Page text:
Infused with hip-hop rhyme and Latin rhythm, “In the Heights” is “muy excitante.”
During its three-year run on Broadway, the show earned two Drama Desk Awards in 2007, four Tony Awards including Best Musical, a Grammy Award for Best Show Album in 2008, and was nominated for a Pulitzer Prize for Drama in 2009.
It’s a musical hybrid featuring Lin-Manuel Miranda’s rhyme-spitting lyrics and orchestral blend of reggaetone, rhythm and blues, Latin ballads and Afro-Cuban jazz sounds (conducted by Kurt Crowley), topped with Andy Blankenbuehler’s award-winning dance choreography of salsa, meringue and pop and lock.
Set in the Washington Heights area of Manhattan, it’s a story about members of a Latino neighborhood trying to make it in America.
Perry Young is the backbone of the musical as Usnavi, a corner bodega (store) operator and narrator/emcee of the show. His performance is supported by a top-rate ensemble and other standout lead cast members including: Christina Aranda as the loving and elderly neighborhood matriarch, Abuela Claudia; Kyle Carter’s soulful vocals as Rosario’s Car Service dispatcher and non-Spanish-speaker, Benny; Presilah Nunez as Usnavi’s love interest, the modelesque Vanessa; and Benjamin Perez as an insecure yet self-righteous father-figure, Kevin Rosario.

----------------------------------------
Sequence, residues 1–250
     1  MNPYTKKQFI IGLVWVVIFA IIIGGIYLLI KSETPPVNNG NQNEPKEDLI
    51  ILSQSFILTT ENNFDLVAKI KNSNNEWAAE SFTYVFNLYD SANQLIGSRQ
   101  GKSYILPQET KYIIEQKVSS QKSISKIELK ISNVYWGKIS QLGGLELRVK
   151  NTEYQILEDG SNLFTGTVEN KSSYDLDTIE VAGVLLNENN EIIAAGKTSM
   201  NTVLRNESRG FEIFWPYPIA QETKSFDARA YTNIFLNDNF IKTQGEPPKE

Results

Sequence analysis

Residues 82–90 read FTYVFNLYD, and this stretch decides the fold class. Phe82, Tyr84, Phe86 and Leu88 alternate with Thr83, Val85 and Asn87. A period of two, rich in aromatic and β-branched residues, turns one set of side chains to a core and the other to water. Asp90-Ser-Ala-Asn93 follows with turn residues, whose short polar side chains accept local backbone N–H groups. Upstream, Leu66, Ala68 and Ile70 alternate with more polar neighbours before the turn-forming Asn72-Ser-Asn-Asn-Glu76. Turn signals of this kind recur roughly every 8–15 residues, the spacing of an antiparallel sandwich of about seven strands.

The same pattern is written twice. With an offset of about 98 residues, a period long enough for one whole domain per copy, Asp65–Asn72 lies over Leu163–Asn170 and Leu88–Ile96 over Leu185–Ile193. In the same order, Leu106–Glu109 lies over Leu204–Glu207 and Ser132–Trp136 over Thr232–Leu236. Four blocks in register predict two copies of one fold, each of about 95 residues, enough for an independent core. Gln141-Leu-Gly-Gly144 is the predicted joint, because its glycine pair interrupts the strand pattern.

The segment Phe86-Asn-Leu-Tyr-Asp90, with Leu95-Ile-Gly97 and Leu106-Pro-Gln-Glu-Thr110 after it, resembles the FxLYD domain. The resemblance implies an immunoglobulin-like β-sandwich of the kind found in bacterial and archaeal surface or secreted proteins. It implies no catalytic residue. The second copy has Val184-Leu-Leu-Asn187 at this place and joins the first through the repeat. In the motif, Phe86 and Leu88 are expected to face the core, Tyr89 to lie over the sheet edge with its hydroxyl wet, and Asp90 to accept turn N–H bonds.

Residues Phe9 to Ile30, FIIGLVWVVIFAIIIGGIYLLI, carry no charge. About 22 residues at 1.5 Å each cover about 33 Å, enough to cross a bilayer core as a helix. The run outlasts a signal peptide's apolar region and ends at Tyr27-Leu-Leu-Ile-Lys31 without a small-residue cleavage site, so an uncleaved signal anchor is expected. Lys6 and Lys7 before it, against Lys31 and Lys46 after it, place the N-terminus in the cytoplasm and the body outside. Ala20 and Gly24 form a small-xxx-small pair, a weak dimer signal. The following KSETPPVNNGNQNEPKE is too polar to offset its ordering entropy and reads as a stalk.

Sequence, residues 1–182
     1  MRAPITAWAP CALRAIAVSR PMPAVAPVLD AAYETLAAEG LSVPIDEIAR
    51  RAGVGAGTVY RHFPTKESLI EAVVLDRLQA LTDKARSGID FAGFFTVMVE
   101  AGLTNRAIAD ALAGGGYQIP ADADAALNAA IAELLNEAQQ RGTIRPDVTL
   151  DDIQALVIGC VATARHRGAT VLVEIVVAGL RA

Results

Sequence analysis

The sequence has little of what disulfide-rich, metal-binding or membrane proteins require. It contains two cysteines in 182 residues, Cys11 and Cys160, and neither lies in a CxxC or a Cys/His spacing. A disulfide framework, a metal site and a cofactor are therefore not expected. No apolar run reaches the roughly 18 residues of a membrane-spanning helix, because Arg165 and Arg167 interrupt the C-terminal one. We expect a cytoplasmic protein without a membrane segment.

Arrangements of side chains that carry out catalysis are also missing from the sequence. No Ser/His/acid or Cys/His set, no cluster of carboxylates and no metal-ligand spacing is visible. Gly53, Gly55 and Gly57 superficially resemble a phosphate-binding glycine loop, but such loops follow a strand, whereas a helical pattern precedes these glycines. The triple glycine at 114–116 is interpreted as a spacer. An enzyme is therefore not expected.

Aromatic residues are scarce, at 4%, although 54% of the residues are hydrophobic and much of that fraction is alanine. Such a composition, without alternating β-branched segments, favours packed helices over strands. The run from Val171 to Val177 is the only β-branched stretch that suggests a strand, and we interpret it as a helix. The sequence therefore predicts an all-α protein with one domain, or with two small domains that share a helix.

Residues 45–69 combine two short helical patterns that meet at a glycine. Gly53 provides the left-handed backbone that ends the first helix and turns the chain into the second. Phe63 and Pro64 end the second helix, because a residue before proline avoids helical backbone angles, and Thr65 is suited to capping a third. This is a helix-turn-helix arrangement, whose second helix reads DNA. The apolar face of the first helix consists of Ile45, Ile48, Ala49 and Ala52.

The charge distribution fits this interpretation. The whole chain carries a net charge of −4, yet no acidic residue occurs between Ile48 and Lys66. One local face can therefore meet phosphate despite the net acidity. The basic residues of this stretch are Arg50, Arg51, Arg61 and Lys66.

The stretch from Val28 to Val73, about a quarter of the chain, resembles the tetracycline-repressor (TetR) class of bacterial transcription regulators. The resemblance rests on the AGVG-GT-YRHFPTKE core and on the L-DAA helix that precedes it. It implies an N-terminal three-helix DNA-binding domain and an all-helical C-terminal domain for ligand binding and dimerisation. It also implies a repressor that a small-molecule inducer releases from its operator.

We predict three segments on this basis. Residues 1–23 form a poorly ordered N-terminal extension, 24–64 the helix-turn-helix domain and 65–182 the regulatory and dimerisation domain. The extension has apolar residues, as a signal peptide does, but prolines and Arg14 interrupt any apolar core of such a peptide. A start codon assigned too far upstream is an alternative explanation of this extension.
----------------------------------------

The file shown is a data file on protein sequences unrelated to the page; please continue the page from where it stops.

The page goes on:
Equally compelling is Virginia Cavaliere as Nina, the Rosario family’s cutesy, good-girl daughter and fish out of water as a first-generation college student attending Stanford University.
Notable numbers include “Alabanza” (Praise) – a somber, heartfelt number mourning the passing of the neighborhood’s beloved Abuela Claudia; “96,000” – a high-energy, rap-heavy depiction of what each member of the barrio would do if they won $96,000 in the lottery; and the expertly harmonized, all-female, gossip session number, “No Mi Diga” (Don’t Tell Me) featuring Nunez, Cavaliere, Tauren Hagans as local hair salon owner Daniela and Katherine Brady as salon employee Carla.
Adding to the show’s set – a highly realistic urban landscape of corner shops, brownstones and New York subway entrances created by Anna Louizos – are hyperactive lighting effects by Howell Binkley.
Although loosely comparable to musical hits of the past including “West Side Story,” “Fiddler on the Roof” and even “Rent,” the distinct take of “Heights” on the importance of community within the confines of a “hip-hop generation” puts it in a Broadway category all its own.